Saturday, February 24, 2018

Madrid: Day 1

This January, my friend Laurel emailed me and our friend, Christine, with the best idea. Laurel is an actress working on musical theater shows in London. She got a part in the opera, Street Scene, and was performing at the Teatro Real in Madrid. She had a flat for a month during rehearsals and the show run. "Come to Madrid," she said. "You can stay with me and we can explore the city."

I just didn't think it would be possible as we are trying to rebuild our house and I still have Winter at home. Brent was so encouraging and supportive and said that I should go. Christine and I booked tickets and eagerly awaited the trip.

On Thursday afternoon, Christine and I met at the JFK airport to fly the red-eye to Madrid. I haven't been in an airport by myself without a little person holding my hand in forever. It felt like a decadent luxury to walk through the airport shops without worrying about little hands breaking stuff. Our flight to Madrid was uneventful, though neither Christine nor I slept much.

We arrived in Madrid on Friday morning. As we flew over the mountains of Spain, it looked like the mountains and terrain of Wyoming with scrubby trees, rocky hills, and lots and lots of brown. Admittedly, Wyoming does not have Palm Trees, but otherwise, the two areas could be twins.

We grabbed a taxi that took us to Laurel's flat right in the heart of Madrid. The cab driver stiffed us on the price, which was a little irritating.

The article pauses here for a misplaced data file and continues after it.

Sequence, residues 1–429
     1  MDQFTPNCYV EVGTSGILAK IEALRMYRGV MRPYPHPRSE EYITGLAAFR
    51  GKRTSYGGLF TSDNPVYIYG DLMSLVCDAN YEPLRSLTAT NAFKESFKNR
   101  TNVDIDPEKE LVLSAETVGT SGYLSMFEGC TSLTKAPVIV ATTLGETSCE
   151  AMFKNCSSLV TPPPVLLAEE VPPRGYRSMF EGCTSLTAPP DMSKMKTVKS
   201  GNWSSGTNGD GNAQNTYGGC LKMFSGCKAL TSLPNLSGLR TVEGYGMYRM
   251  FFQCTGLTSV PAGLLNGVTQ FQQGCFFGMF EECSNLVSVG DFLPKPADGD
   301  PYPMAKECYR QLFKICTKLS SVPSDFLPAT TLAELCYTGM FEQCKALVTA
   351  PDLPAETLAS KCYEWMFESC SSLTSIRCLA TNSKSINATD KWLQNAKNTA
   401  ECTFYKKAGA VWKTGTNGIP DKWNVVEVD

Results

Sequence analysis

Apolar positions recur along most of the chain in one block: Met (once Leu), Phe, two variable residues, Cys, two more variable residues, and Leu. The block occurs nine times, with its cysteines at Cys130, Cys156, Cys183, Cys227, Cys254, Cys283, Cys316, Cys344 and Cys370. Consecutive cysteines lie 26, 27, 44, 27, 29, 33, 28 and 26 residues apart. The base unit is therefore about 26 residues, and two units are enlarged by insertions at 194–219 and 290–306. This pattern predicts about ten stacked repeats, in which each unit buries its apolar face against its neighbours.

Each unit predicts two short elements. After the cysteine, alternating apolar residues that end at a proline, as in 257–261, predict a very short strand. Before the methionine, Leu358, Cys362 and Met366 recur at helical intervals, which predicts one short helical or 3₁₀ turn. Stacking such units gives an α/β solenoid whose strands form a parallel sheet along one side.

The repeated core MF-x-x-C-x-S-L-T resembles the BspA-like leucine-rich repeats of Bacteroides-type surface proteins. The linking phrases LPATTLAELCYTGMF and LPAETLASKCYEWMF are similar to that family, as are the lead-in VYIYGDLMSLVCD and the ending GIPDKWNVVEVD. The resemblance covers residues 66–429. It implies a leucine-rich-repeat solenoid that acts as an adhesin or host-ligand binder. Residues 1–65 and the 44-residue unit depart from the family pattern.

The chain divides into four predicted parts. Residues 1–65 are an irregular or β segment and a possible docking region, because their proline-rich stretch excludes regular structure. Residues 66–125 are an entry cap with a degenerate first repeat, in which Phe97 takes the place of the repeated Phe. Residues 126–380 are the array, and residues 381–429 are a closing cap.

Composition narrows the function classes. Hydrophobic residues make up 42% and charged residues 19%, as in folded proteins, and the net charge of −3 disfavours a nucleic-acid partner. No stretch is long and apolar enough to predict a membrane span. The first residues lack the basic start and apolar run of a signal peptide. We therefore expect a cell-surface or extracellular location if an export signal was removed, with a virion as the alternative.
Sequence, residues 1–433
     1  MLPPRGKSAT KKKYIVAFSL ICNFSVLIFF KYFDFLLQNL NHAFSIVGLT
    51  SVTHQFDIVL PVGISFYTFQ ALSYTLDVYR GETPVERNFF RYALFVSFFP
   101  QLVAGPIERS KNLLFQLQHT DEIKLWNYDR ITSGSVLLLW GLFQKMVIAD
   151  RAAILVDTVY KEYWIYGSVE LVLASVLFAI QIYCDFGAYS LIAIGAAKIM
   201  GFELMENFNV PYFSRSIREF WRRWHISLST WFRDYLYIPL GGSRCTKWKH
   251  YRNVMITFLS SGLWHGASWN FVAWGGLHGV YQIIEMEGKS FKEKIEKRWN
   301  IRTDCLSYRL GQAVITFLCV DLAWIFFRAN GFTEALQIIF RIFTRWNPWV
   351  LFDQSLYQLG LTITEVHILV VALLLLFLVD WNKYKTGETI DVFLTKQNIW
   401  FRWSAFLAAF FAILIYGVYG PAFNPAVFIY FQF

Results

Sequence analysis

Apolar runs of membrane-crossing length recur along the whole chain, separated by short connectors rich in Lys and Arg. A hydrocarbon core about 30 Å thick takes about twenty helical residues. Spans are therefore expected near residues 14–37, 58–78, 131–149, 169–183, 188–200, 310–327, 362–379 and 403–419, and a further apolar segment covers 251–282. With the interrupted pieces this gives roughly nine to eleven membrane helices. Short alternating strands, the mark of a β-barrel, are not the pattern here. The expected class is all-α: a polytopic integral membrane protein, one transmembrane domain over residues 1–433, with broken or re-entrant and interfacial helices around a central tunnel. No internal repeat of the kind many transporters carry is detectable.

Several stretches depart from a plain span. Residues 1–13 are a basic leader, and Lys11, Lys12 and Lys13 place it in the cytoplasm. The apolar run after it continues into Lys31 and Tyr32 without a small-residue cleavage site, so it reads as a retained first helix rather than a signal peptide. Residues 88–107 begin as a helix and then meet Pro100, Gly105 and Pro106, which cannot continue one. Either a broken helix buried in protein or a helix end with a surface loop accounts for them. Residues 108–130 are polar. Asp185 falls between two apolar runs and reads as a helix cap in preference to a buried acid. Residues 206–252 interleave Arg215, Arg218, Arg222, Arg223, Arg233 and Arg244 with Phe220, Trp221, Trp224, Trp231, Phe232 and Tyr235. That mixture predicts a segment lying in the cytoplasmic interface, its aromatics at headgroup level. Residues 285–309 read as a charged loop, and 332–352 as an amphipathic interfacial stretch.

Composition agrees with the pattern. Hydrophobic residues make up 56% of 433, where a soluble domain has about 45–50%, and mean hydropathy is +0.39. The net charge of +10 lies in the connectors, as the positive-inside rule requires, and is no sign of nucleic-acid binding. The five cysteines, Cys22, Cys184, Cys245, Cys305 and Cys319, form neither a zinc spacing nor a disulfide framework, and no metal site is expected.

Laurel welcomed us to her second story flat and we dumped our luggage and ourselves on her couch, so excited to see each other. What followed was an epic girl talk/catch-up/therapy session. After hours of just hanging out, we decided to head out for some food.

Laurel's flat is right by Plaza Mayor, a beautiful square with shops and restaurants. We popped over to Mercado de San Miguel to try some gourmet tapas. First, we got a couple kinds or paella- seafood and sausage. We had some churros con chocolate, a fancy cheese tapas, and some cute yogurt shots (in shot glasses, but which did NOT contain alcohol).

After eating we walked around a bit, enjoying the sights. One thing that made me chuckle was the cereal bar restaurant, which apparently is a real thing.

We stopped at a couple small grocery stores to grab a few things. I found Kinder code eggs which I bought for my kids. They always got them in Sweden but can't buy them in the U.S. There are kinder eggs in the U.S., but the ones in Europe are different.

Laurel had to go to rehearsal and Christine and I were pretty wiped by then. Laurel left us and we went to bed. 

Monday, January 1, 2018

2017 Was a Year for the Books

Holy Crap! What a year it has been! As I look back on the year, my primary emotion is relief that we survived and are moving forward. I only blogged a handful of times this year as life was so overwhelming and I could barely write about it, let alone process it. So here are a few highlights:

Our Big Accomplishments

1. I took the online Genealogy Certificate course through Boston University.
It was one of the best things I have ever done. I still love learning in a formal setting and this graduate-level course whetted my appetite for additional education. Not only did I absolutely love the research work but I learned that my instincts and research skills are pretty good. My final project was pretty amazing as I was able to uncover the story of a lost and forgotten ordinary Civil War soldier based on a letter he wrote that is housed in the Putnam County NY archive. Upon completing the course, I hung out my shingle for my own genealogy consultant firm.